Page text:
Wednesday, July 6, 2011
Nanook of the North (1922)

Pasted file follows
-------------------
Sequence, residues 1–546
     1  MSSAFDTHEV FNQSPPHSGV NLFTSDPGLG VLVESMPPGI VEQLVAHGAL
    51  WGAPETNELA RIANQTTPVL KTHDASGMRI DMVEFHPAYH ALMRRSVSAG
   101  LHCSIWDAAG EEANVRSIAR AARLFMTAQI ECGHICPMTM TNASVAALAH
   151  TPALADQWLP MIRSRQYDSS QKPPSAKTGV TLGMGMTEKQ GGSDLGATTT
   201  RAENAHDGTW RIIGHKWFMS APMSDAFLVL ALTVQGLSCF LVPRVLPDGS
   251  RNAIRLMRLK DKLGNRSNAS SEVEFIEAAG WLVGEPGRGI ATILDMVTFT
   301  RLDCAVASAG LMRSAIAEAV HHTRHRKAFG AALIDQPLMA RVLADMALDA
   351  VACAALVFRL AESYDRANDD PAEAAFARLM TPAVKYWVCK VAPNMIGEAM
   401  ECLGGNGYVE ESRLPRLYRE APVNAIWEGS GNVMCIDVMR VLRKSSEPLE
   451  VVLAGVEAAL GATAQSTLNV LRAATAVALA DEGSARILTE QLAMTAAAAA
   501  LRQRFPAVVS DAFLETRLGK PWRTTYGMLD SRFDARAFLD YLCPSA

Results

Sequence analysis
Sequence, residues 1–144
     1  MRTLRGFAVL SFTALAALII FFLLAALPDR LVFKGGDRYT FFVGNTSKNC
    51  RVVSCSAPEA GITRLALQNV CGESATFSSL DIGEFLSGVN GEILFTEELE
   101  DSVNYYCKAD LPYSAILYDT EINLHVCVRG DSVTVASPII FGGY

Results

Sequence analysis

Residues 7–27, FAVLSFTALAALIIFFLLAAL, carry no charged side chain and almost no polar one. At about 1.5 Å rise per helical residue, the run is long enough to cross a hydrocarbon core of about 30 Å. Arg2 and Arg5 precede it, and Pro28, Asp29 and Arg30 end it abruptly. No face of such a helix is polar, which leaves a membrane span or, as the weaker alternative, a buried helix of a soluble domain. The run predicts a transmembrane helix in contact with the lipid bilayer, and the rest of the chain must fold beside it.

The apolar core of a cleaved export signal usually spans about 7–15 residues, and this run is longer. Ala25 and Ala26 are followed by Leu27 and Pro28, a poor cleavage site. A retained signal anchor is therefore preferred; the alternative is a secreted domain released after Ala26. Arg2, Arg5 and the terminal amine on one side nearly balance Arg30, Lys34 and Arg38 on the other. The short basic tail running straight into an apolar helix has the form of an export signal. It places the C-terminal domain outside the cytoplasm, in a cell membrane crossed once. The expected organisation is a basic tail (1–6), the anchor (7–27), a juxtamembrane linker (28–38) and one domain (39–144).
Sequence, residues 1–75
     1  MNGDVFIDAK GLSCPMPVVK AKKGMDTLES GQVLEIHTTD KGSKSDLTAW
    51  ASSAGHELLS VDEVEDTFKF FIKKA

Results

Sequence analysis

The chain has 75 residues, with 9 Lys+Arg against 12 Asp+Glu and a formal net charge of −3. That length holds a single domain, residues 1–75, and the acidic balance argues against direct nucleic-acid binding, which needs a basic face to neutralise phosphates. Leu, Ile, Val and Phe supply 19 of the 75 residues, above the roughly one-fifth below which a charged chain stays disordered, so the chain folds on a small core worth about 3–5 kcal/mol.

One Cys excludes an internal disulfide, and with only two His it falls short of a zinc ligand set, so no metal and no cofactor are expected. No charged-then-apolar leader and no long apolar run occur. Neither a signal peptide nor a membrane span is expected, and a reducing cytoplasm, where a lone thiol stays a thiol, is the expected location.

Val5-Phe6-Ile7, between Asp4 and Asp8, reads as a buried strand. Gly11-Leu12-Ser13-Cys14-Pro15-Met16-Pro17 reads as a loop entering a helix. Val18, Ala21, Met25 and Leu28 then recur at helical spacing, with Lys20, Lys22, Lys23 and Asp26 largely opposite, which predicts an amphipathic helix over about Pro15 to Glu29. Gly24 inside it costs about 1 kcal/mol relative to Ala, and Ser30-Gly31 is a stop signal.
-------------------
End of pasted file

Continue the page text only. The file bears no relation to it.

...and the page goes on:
Unless I'm mistaken, this is our first silent film! Not by a long shot our first doc (ah, seems like only yesterday, Battle of San Pietro), but one that seems remarkably topical despite nearing its centennial. This movie is considered the first feature-length documentary, but there are those who would put scare quotes around that designation. Robert J. Flaherty, who filmed the account of an Inuit family trying to survive in the Canadian arctic, apparently staged several scenes, making "Nanook" the Real World/Bachelorette/Jersey Shore of its day, and Flaherty the James Frey of his. Not sure if the movie itself will be as interesting and provocative as the controversy surrounding its filming, but I think definitely worth a view, though I suspect it's going to be pretty racist. And its the second movie in a row to have a family anecdote! When I was a little kid visiting the grandparents in Colorado during the winter, my aunt would tell me I looked like "Nanook of the North" when I was all bundled up to go outside to play. It was only recently (VERY recently) that I realized the name was the title of a film and not something she made up.